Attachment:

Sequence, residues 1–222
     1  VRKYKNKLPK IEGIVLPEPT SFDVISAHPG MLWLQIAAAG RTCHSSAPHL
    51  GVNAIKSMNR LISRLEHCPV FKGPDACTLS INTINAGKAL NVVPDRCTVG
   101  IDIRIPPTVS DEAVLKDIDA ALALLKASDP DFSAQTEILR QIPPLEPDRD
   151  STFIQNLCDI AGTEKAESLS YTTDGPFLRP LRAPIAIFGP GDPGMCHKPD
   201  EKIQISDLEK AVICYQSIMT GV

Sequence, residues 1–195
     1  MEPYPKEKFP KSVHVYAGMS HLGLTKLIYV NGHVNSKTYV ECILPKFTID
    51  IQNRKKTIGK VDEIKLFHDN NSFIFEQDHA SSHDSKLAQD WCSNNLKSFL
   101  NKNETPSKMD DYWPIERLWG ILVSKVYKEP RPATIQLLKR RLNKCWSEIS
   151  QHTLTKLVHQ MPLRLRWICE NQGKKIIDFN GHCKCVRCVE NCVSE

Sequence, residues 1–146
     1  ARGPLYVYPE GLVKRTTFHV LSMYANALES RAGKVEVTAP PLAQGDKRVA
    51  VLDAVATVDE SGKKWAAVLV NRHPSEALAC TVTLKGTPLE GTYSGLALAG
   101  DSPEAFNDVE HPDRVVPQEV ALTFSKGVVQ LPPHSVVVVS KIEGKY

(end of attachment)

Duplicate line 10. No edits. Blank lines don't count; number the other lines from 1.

   101  NKNETPSKMD DYWPIERLWG ILVSKVYKEP RPATIQLLKR RLNKCWSEIS